British Paralympics head coach Paula Dunn has hailed her team after they won three gold medals on the final day of the IPC Athletics World Championships.
The 48-strong team won 13 golds in a 32-medal haul in the last big test before next year's Rio Paralympics.
It surpassed the 10-12 golds and 26-30 medal target that had been set for them before the competition in Doha.
"We are a high-achieving sport and we do expect success," Dunn told BBC Sport.
"We have come away with five world records and 24 personal bests in an event which is being held extremely late in the season.
"Only two or three athletes have not made finals so I think the performances on the track show we have been doing something right."
London 2012 champion Hannah Cockroft brought the curtain down on the GB display here with her third gold of the meeting in Saturday's T34 400m to follow her success in the 100 and 800m.
There was also success for her fellow Paralympic champions Aled Davies, who triumphed in both the shot and discus, and Richard Whitehead, who set a new world record on his way to winning the T42 200m.
But some of the newcomers also made their mark on the competition with golds for debutants Kadeena Cox and Georgie Hermitage, while some of the younger members of the team also shone with Shaun Burrows almost running himself into the ground as he took bronze in the T38 400m, just eight weeks after taking up the event.
Fourteen-year-old Kare Adenagen won two bronzes behind Cockroft to mark herself out as one to watch in the future while 15-year-old sprinter Maria Lyle took two silvers behind 14-year-old Australian Isis Holt.
The team's display saw them finish fourth in the medal table, which was topped by China, who won 41 golds in their 85 medals followed by Russia and the United States and 54 world records were set over the course of the championship
While the event was a success in terms of organisation and facilities, there were disappointingly small crowds at each session, which will be a something the organisers of the London 2017 event, which will be held at the Olympic Stadium, will be hoping to learn from.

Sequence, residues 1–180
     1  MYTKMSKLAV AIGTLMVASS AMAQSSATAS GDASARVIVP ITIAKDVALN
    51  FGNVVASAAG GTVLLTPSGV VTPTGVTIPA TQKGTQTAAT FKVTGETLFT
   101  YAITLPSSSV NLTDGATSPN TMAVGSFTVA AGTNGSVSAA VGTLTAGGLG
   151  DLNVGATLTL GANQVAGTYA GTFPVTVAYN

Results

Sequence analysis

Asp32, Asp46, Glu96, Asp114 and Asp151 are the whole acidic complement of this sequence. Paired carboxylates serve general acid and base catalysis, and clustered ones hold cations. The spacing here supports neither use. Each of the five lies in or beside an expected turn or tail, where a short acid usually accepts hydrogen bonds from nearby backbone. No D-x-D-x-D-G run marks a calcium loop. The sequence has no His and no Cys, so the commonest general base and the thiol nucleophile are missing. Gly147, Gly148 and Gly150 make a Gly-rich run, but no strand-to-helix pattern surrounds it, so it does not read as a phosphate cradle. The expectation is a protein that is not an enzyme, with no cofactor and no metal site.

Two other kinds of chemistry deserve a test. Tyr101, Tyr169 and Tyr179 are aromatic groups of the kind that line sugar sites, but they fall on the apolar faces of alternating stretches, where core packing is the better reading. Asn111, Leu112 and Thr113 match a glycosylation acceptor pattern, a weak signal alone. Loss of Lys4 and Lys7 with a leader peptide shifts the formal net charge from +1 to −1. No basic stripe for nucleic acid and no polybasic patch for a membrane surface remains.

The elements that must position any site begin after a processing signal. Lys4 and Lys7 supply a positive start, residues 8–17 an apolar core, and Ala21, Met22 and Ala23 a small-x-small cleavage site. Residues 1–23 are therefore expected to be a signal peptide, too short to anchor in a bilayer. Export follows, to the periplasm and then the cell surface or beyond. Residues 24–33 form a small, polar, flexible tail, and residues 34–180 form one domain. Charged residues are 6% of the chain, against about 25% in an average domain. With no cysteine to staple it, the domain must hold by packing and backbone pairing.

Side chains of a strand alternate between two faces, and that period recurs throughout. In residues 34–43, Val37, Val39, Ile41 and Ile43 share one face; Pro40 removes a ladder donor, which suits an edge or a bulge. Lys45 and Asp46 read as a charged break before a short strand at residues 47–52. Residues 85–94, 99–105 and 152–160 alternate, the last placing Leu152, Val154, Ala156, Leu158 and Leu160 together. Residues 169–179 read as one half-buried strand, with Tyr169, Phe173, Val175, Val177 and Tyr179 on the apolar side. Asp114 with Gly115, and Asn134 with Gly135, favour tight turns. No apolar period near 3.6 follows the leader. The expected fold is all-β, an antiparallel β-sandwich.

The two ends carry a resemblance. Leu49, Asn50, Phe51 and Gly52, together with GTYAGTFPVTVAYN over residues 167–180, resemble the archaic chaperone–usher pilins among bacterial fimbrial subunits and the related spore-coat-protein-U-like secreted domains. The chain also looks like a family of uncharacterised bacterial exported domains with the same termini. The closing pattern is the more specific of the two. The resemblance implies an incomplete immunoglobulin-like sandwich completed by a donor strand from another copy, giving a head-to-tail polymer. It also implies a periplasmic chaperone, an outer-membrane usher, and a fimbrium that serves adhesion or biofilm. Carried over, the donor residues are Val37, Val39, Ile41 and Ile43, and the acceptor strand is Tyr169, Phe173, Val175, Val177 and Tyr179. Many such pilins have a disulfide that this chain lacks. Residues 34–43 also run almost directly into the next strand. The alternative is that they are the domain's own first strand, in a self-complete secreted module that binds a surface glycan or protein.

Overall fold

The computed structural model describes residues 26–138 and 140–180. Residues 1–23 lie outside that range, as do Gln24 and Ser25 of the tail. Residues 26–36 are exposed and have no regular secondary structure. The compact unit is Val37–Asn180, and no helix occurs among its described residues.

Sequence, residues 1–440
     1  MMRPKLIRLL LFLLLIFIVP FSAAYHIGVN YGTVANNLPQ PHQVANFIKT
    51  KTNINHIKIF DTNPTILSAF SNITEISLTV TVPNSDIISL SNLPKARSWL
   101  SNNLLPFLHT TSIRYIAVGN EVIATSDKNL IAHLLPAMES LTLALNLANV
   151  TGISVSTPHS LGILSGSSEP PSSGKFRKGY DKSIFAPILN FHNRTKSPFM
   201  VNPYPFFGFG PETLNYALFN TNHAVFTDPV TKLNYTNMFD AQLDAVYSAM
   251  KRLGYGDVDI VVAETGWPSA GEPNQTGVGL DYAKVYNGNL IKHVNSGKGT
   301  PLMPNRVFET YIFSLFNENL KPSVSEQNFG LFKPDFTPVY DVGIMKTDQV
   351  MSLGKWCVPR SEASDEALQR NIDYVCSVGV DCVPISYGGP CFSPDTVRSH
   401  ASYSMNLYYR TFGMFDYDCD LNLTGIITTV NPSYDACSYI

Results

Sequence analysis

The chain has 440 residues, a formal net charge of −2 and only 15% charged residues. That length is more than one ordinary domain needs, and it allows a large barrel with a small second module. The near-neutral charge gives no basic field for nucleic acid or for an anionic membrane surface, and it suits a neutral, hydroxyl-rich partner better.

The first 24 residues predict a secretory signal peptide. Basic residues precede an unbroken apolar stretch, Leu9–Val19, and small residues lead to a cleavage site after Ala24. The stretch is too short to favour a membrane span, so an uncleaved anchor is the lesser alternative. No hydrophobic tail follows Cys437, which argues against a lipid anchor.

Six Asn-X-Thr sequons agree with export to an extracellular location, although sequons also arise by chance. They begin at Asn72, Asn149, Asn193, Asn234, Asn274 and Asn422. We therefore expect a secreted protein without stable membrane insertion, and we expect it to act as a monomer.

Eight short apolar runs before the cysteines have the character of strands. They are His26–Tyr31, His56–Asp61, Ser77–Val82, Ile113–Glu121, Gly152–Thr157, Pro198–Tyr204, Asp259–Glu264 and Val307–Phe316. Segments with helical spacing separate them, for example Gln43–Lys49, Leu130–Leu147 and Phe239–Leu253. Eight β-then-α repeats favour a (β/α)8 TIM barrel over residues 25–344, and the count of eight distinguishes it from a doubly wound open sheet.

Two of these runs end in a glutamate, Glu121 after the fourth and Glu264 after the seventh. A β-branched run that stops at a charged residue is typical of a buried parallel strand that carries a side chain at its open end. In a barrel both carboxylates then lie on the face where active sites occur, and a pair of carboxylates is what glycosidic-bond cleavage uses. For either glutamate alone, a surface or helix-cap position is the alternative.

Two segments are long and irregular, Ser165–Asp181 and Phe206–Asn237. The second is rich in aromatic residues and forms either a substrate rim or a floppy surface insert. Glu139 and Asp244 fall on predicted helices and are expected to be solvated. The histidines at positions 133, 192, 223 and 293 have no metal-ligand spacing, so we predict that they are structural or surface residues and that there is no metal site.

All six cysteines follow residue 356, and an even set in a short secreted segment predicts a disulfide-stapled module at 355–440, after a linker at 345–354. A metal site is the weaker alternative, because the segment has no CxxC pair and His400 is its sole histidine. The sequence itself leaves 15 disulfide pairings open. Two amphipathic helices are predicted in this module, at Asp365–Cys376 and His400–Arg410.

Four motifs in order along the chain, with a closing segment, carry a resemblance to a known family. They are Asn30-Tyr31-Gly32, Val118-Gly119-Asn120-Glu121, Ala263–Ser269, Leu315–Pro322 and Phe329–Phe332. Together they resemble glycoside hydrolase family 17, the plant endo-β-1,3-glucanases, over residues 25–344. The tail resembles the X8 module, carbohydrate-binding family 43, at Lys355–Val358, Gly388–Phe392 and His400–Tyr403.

|Baroness Grey-Thompson, GB Paralympic legend & BBC pundit:|
|"The athletes here have missed out on having crowd support. It is hard to celebrate huge personal performances when there is nobody to celebrate in front of."In some ways, this event shows that the Paralympic movement still has a huge amount to do. The IPC said bringing this event to this region was all about education and we are not going to see the impact of that for another five or 10 years."|
But on track, Dunn knows that the challenge facing her team will be even greater next year.
"I know because we hit our targets here that people think it will be easy to go and repeat that in Rio next year but it is never that easy," she admitted.
"We will take a few days off after this and then get down to serious planning for Rio. Everything is in place and we know what we need to do. We hit our targets in 2013, in 2014 and now again here, so I just need to do a full house in 2016.
"We still have some big hitters like Jonnie Peacock at home and we don't know what athletes will emerge over the next few months but a lot of the team here will be at 2016 if they get it right next year.
"We need to turn our fourth places into medals and keep the gold medallists in gold, so there is still a lot of hard work to be done in what is now a really competitive sport."